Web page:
Welcome!

I'm James Maxey, the author of the Dragon Age fantasy series of Bitterwood, Dragonforge, and Dragonseed, the Dragon Apocalypse series of Greatshadow, Hush, and Witchbreaker, as well as the superhero novels Nobody Gets the Girl and Burn Baby Burn. I use this site to discuss a wide range of topics, with a heavy emphasis on cranky, uninformed rants about politics and religion and other topics that polite people attempt to avoid. For anyone just wanting to read about my books, I maintain a second blog, The Prophet and the Dragon, where I keep the focus solely on my fiction. I also have a webpage where both blogs stream, with more information about all my books, at jamesmaxey.net.

Monday, October 12, 2009

The Myth of Darwin as a Prophet

This weekend at Capclave, I'll be on a panel discussing Darwin. The panel description reads:

Darwin was born 200 years ago. Why are his ideas still controversial? Is the voyage of the Beagle the prototype for sf missions of scientific discovery? Why aren't there more books about Darwinism?

It's been a while since I've had a science post, so I'm going to do a little warm up for the panel with a gut reactions to these questions.

Working backwards, when I search Amazon for books mentioning Darwin, I come up with 100,000 hits. So, for the last question, I guess my reaction is, just how many books do you need? By comparison, Jesus has 400,000 hits on Amazon. Of course, this is also the same number of hits returned if you search for the word "diet." In any case, I hardly think that Darwin, natural selection, or evolution are suffering from a lack of exposure.

As for the Beagle being the prototype for SF missions, I think that, if there ever are going to be extra-solar explorations of other planets, they will almost certainly be carried out by the machines that eventually replace mankind. These machines will be able to claim that they were intelligently designed, and that their improvements are the result of deliberate actions. Perhaps they will regard evolution as a mere momentary blip in the natural order of things, the way it was once thought that capitalism was just a blip on the way to socialism. It's an interesting thought, but I'm not sure that I, personally, would be able to milk an entire book out of it.

Which brings us to the last question: Why are his ideas still controversial? And I suppose my answer is, what controversy? It's true that not everyone believes in evolution, and that a lot of people work hard to keep children from being exposed to these ideas. But, in the places where it really matters, I don't think that evolution or natural selection are controversial at all. Where does it really matter? How about hospitals, agriculture, forestry, fisheries, and, of course, universities where the various aspects of biology are studied?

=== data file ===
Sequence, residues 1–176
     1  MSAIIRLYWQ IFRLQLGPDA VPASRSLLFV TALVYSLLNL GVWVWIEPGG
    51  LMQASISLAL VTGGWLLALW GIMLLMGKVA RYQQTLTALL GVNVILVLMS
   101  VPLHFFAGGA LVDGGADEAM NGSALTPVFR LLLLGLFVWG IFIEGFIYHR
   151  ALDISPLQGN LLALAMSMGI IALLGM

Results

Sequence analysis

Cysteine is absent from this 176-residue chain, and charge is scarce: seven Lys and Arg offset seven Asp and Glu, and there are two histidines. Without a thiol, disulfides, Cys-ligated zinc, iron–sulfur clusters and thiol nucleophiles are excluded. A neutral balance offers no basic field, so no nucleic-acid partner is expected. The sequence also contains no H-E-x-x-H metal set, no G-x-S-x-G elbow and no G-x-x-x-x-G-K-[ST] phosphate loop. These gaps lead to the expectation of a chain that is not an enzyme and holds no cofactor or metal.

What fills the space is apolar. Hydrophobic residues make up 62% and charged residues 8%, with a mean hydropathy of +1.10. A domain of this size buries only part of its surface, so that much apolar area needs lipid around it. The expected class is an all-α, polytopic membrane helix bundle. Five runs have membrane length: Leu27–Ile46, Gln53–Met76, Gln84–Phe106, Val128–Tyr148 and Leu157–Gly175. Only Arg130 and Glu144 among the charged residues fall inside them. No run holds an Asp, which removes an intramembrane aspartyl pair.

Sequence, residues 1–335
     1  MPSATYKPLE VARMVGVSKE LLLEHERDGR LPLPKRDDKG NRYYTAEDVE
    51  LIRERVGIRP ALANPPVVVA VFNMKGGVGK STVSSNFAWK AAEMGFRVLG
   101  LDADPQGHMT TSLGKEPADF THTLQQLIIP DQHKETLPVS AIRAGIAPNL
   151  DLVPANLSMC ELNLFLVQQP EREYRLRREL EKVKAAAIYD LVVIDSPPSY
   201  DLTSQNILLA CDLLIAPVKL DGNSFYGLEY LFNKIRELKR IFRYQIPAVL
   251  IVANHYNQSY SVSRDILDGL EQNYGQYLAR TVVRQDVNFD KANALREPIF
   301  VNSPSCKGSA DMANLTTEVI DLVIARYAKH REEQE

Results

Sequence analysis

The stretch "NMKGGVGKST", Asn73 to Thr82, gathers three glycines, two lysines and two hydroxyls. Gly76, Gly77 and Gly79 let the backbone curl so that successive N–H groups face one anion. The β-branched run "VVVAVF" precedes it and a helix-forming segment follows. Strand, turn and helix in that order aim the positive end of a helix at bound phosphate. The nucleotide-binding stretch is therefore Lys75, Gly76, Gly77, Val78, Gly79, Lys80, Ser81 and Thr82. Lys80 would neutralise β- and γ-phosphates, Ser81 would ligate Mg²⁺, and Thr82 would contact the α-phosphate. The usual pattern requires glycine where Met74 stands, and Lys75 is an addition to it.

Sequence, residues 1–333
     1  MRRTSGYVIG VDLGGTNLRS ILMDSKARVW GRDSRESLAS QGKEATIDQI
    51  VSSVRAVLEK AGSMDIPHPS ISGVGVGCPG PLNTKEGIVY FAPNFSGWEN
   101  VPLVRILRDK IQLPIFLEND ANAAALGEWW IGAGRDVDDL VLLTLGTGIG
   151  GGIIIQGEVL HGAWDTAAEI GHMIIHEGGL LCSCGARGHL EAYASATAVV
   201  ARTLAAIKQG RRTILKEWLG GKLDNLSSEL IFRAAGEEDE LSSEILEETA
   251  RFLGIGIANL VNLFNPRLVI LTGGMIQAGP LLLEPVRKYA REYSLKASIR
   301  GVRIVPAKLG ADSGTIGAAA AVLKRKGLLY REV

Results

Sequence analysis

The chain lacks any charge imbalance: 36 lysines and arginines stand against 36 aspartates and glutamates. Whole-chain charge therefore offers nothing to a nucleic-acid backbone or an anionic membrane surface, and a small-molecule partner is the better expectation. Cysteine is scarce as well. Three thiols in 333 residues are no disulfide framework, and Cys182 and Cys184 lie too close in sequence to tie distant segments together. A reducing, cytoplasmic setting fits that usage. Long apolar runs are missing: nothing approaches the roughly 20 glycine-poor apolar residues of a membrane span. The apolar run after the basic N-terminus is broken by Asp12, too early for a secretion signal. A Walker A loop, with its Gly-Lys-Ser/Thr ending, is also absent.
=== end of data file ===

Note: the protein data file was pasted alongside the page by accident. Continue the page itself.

I'm not certain that it matters that half of all American's don't believe in evolution. It is, of course, the central narrative of biology; you can't really understand the natural world without understanding natural selection. But, relativity is a pillar of physics; I'm guessing maybe one person in a hundred has a firm grasp on relativity. Quantum mechanics is the other unreconciled pillar of physics, and I'd be shocked if one person in a thousand really understands the world on a quantum scale. Somehow, the world muddles through; people manage to become bankers and doctors and movie stars and rodeo clowns without understanding the difference between a photon and a proton. If you're an electrical engineer, you need to understand electrons. If you're a house painter... not so much.

I guess the major thing about Darwin, natural selection, and evolution, is that they aren't and shouldn't be and can't be major things in an average person's daily life. Natural selection has surprisingly little day to day impact on a person's behavior. Let's see... I suppose that understanding evolution can help you understand why it's important to finish off your full course of anti-biotics. But, it doesn't help you know how to invest your money. It doesn't guide you in how to deal with your friends and family. It won't tell you what to eat for dinner or what toothpaste will make your teeth their whitest.

Some people treat Darwin as a new prophet, pointing the way to a new religion. But if you really understand natural selection and evolution, you understand that it's actually a rather precise tool for understanding one specific aspect of biology. Some people attempt to misuse it, and say that Darwinism applies to economics. Other's will point to examples from the natural world and draw moral guidance from it. For instance, I've heard serious people argue that homosexuality either is or isn't moral based on things like whether or not there are gay penguins. If homosexuality evolved in flightless sea birds, it must not be a choice for humans. But, of course, if you promote this argument, what are you to make of bonobos, who are always promiscous? Or some insects, where the females devour the males? Turning to the guidance of animals for your moral choices is a dangerous slippery slope.